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CEITEC
Since its establishment in 2011, CEITEC has quickly developed into a cutting-edge infrastructure for research which performs highly alongside the best institutes in Europe. Among the main priorities of CEITEC are the promotion of a motivating and dynamic international scientific environment, the provision of state-of-the-art research infrastructure, and the policy of open communication and equal opportunities.
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Virus attacking coccolithophore – marine alga that affects the Earth’s climate

Su, 19.5.2024
| Original article from: CEITEC/Halina Jílková
The research team of CEITEC MUNI have described the structure of the EhV-201 virus and its life cycle using state-of-the-art microscopes from shared laboratories.
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Marine algae such as the unicellular Emiliania huxleyi exert a cooling effect on the Earth's climate. However, the abundance and species diversity of algae in the ocean is affected by viral infections. The Structural Virology research team at CEITEC Masaryk University, led by Pavel Plevka, has now used cryo-electron microscopy to describe the structure and replication cycle of the virus EhV-201 infecting the alga Emiliania huxleyi. Their research shows how the alga defends itself against the infection and how the virus uses the resources of the host cell to produce its progeny.

Climate change is one of the most pressing societal challenges of our time and humanity will need to understand all its important contributing factors in order to mitigate them or at least adapt to the environmental changes and marine algae are one of the factors influencing the Earth's climate. Emiliania huxleyi belongs to a group of algae called coccolithophores because it produces tiny calcite disks, coccoliths, which coat its surface. The coccoliths reflect light like tiny mirrors, reducing the absorption of sunlight by the ocean. Coccoliths contain carbon and their deposition on the seabed leads to a reduction in the concentration of carbon dioxide in the atmosphere, limiting its contribution to the greenhouse effect. In addition, Emiliania huxleyi produces substances that trigger the formation of clouds and thus contribute to the cooling of the atmosphere. Emiliania huxleyi grows globally in oceans with tempered and cold waters, however, its population density is limited by coccolithoviruses such as Emiliania huxleyi virus 201 (EhV-201). Research by a group of structural virologists at CEITEC Masaryk University has now brought science a step closer to answering the question of how these viruses bypass the protective layers at the surface of Emiliania huxleyi cells and destroy these marine algae in large numbers.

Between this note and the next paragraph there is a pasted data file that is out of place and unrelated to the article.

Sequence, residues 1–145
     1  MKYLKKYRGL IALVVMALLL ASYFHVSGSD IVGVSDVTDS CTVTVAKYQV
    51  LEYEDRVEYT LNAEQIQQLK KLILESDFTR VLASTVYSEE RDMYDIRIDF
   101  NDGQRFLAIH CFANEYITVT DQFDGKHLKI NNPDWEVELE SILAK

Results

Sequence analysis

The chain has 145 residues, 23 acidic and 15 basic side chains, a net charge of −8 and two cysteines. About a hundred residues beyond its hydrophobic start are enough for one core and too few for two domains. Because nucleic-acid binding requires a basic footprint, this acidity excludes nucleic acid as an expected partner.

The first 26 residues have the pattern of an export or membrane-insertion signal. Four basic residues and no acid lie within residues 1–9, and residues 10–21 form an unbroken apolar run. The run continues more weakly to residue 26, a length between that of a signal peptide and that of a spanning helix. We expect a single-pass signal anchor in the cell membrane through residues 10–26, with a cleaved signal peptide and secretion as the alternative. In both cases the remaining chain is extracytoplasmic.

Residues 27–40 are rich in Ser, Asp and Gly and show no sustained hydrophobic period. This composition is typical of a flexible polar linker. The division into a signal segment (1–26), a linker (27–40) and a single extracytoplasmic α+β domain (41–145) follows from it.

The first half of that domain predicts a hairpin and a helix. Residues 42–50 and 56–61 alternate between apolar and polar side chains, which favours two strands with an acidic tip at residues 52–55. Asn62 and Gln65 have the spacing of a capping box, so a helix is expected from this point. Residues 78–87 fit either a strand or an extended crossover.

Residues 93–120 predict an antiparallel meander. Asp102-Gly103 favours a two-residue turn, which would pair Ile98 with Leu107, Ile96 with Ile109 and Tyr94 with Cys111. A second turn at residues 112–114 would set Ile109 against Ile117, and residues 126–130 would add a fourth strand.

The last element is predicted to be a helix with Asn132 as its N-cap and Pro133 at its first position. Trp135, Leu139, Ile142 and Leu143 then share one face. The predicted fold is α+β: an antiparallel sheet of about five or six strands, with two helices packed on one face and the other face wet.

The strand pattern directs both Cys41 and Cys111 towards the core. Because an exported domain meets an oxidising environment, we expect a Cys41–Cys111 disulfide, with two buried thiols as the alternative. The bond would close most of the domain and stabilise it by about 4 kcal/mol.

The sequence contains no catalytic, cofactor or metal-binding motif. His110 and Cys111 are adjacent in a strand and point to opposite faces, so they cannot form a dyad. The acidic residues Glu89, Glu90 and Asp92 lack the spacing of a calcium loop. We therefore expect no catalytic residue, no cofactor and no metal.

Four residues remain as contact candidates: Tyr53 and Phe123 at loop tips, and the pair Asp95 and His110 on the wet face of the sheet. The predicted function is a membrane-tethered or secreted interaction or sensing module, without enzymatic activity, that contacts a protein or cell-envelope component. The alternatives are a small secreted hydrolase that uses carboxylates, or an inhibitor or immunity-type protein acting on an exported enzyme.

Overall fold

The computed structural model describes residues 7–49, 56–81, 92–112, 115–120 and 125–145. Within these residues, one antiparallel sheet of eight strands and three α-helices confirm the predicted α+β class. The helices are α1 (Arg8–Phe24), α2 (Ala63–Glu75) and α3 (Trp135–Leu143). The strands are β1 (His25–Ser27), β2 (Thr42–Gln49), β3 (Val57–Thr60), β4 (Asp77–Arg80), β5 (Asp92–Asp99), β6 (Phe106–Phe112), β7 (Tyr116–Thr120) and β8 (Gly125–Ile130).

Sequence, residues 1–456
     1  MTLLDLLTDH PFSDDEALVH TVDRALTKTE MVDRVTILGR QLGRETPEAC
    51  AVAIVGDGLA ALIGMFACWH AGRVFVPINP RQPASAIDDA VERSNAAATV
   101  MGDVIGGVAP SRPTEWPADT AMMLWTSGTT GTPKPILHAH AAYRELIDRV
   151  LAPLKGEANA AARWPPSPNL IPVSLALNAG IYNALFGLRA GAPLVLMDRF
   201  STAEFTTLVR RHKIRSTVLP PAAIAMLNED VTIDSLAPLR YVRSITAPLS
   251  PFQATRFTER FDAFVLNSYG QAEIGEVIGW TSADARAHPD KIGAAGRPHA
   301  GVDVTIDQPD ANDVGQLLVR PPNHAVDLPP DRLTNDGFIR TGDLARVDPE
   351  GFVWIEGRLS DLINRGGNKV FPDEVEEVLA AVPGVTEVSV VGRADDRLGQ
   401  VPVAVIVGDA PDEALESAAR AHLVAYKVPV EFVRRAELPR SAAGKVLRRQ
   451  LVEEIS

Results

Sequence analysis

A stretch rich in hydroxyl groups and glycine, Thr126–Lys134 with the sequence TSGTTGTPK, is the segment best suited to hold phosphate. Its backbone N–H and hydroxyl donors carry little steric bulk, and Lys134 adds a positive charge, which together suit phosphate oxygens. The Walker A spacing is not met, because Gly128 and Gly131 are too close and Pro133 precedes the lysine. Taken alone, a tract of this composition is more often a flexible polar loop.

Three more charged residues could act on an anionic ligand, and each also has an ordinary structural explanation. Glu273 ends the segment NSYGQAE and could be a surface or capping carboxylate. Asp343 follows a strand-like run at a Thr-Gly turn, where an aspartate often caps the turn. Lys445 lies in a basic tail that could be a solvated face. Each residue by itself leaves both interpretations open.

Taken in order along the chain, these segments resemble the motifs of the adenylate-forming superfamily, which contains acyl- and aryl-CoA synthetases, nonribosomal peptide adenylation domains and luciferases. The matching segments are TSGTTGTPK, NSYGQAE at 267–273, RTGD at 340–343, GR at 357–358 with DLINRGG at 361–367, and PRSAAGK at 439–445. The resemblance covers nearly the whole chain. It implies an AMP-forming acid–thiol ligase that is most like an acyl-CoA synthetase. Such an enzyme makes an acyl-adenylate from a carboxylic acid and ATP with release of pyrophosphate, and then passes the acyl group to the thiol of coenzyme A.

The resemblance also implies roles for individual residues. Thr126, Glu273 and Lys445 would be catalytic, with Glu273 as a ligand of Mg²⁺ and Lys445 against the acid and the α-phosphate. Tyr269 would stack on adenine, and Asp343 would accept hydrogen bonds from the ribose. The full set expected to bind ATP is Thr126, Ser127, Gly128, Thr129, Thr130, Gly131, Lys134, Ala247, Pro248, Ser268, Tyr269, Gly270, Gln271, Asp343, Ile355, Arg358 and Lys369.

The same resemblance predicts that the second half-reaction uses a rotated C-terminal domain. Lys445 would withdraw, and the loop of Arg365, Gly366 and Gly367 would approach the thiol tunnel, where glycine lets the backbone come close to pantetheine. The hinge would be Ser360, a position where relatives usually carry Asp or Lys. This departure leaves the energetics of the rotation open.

CEITEC: Virus attacking coccolithophore – marine alga that affects the Earth’s climate